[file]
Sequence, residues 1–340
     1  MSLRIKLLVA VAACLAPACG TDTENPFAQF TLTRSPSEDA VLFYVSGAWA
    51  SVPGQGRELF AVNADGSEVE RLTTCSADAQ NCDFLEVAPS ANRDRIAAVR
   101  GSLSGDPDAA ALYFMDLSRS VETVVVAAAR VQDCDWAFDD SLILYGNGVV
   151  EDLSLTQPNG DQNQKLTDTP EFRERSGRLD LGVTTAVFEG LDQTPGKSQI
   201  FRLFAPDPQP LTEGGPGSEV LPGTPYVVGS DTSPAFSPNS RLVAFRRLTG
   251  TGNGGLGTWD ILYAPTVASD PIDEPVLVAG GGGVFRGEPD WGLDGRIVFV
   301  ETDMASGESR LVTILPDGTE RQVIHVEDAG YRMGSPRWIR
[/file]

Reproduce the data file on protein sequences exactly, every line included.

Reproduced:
Sequence, residues 1–340
     1  MSLRIKLLVA VAACLAPACG TDTENPFAQF TLTRSPSEDA VLFYVSGAWA
    51  SVPGQGRELF AVNADGSEVE RLTTCSADAQ NCDFLEVAPS ANRDRIAAVR
   101  GSLSGDPDAA ALYFMDLSRS VETVVVAAAR VQDCDWAFDD SLILYGNGVV
   151  EDLSLTQPNG DQNQKLTDTP EFRERSGRLD LGVTTAVFEG LDQTPGKSQI
   201  FRLFAPDPQP LTEGGPGSEV LPGTPYVVGS DTSPAFSPNS RLVAFRRLTG
   251  TGNGGLGTWD ILYAPTVASD PIDEPVLVAG GGGVFRGEPD WGLDGRIVFV
   301  ETDMASGESR LVTILPDGTE RQVIHVEDAG YRMGSPRWIR